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Two Tone Granola by Bridget Harney

This Two Tone Granola Recipe is a healthy and easy way to brighten up breakfast time. With the promise of spring in the budding trees and daffodils, I want to abandon my warm comforting porridge and instead enjoy crunchy granola with fruit. Maing granola requires very little effort, although you do need to hang around in the kitchen for an hour for the process to be complete.This is no real hardship as the kitchen will smell fantastic. A little mixing and stirring is all that it takes, and this recipe is cheaper and healthier than most shop bought varieties.

This recipe gives two variations on a base mix. You can vary it any way that you wish, or just ma one variety. the quantities can easily be halved or doubled. Some of us like more nuts or more fruit in our granola, and this recipe lets you choose and modify it to suit your tastes.

I like the combinations that I have suggested here as I like a balance between bitter and sweet, nutty and fruity. The cocoa and coconut are really delicious together. I have never been crazy about raisins but love dried cranberries and more exotic fruits like mango. A little bit of cinnamon really sets off all the flavours and you can taste every individual ingredient. Having the two types of granola together, not only looks lovely, but gives real variety to your bowl of goodness. I use apple juice to moisten and sweeten but have used other juices such as pomegranate in the past. If you use unconcentrated juices or freshly squeezed, it reduces the sugar even further.

This recipe is a perfect antidote to the chocolate excesses of Easter, without losing out on that little caffeine hit. Granola is a great place to start if you haven’t baked before, or just if you want to try something new!


Basic dry mix

– 500 grams of rolled porridge oats

– 150 grams of flaked almonds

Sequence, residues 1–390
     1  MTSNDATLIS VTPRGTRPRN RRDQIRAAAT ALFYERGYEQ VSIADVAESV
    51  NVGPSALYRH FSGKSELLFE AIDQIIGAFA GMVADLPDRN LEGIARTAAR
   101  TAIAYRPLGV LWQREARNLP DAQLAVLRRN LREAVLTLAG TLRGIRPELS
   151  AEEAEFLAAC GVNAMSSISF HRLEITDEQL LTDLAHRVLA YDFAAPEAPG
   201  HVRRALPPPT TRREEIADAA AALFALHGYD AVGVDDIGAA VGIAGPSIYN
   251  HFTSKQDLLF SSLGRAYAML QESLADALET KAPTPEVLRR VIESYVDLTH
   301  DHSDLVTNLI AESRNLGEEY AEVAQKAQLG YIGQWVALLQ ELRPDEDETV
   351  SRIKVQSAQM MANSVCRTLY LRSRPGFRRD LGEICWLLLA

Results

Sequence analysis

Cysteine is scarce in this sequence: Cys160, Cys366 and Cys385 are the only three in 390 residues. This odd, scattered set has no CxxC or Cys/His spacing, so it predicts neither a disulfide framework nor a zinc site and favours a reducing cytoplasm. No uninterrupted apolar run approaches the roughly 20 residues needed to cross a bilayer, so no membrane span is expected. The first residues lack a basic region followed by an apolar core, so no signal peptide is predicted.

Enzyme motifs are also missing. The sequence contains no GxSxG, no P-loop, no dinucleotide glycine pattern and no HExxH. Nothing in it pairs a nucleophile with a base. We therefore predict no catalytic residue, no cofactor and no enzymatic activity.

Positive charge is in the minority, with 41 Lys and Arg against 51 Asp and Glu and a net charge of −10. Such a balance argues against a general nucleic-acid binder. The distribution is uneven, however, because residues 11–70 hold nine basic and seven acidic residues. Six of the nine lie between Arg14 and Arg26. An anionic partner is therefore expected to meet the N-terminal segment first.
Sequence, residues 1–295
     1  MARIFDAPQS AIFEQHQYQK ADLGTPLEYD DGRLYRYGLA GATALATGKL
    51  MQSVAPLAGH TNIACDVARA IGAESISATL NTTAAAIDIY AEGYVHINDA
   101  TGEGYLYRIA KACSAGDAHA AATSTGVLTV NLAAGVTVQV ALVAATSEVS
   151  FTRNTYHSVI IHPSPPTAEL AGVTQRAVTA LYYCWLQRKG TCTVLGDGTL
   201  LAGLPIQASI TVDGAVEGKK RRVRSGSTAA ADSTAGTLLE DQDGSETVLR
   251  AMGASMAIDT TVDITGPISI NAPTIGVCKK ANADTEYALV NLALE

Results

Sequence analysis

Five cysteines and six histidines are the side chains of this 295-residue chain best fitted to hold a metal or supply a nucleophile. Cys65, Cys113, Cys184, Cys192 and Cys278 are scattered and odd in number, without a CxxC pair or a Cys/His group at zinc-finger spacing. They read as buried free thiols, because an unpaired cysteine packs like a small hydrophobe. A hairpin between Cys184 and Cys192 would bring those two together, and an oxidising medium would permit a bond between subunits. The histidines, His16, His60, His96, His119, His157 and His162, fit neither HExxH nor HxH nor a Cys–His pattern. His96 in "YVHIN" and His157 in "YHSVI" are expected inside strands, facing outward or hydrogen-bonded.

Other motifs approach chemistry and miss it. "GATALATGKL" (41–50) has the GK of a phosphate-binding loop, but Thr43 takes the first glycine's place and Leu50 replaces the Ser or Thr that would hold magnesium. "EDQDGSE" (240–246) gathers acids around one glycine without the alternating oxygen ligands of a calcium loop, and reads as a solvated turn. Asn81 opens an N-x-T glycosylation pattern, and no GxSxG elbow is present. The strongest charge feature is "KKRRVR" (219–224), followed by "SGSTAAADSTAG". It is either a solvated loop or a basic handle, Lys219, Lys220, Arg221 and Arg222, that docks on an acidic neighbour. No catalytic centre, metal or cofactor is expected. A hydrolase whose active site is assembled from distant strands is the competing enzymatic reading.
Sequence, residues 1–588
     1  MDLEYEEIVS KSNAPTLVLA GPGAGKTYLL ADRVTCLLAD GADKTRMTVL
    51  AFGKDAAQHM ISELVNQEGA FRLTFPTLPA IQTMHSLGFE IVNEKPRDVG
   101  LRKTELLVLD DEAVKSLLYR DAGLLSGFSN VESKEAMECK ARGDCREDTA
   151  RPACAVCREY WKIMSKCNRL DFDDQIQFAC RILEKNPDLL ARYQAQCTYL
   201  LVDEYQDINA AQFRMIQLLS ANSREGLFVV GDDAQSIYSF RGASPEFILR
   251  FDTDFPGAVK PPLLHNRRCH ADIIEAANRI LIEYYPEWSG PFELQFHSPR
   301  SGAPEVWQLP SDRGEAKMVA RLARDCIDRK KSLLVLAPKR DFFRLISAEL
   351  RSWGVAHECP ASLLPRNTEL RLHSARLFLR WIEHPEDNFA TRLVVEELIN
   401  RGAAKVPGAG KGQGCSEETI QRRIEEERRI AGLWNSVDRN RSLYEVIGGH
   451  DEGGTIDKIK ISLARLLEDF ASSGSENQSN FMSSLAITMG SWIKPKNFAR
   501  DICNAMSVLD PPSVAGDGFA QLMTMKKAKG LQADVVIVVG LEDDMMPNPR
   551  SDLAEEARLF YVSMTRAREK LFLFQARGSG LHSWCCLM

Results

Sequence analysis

– 150 grams of sesame seeds

Wet mix

– 350 ml of apple juice

– 100 grams of coconut oil (or a flavourless oil or even butter)

– 125 ml of honey

– 1 heaped teaspoon of cinnamon

– 1/2 teaspoon of salt

Cocoa coconut mix

– 100 grams of desiccated coconut

– 100 grams of dried cranberries or other dried fruit

– 2 tablespoons of cocoa

Hazelnut mix

– 100 grams of chopped hazelnuts

– 100 grams dried apricots or mangos


– Preheat the oven to 150 degrees celcius.

– Put all the ingredients for the wet mix in a saucepan. Heat gently over a low heat until the coconut oil dissolves.

– Mix the basic dry mix in a large bowl. Pour in the wet mix and stir well.

– Divide the mix into two bowls. Add the cocoa coconut ingredients to one bowl and the hazelnut mix to the other. Mix both bowls well.

– Spread the mixes onto two baking trays to bake. Place them both in the oven for about 45 mins. Mix once or twice during this time. I find the cocoa coconut cooks quicker so take it out after 45 minutes. Turn the heat up to 180 degrees celcius and allow the hazelnut mix to bake for another 15 minutes. The mixes should feel pretty dry and smell of toasted nuts.

– Allow to cool, then mix together and serve with yogurt and fruit or milk. It keeps well for 2 – 4 weeks in an airtight container stored in a cool place.


DSC_0371Bridget Harney

I have baked for as long as I can remember. I grew up on an organic farm in County Wicklow and Maura Laverty’s ‘Full and Plenty’ was my guide in developing the basic skills and knowledge around food. It was this manual and my surroundings that nurtured an interest in local foods and a desire to use familiar ingredients in a creative way.

I work as an Occupational Therapist in the Mental Health services and have always valued the relaxation and pleasure that baking can bring. Since competing in the Great Irish bake Off 2013, I have had new opportunities to bake for a café and write my blog, The Search for Delicious. Baking is still an important part of my personal life, but since doing the show I have a great opportunity to share my recipes and food with people outside my circle of friends and family. I hope to develop recipes that are familiar but different, comfortable but still exciting, and am always delighted when someone tries one of my recipes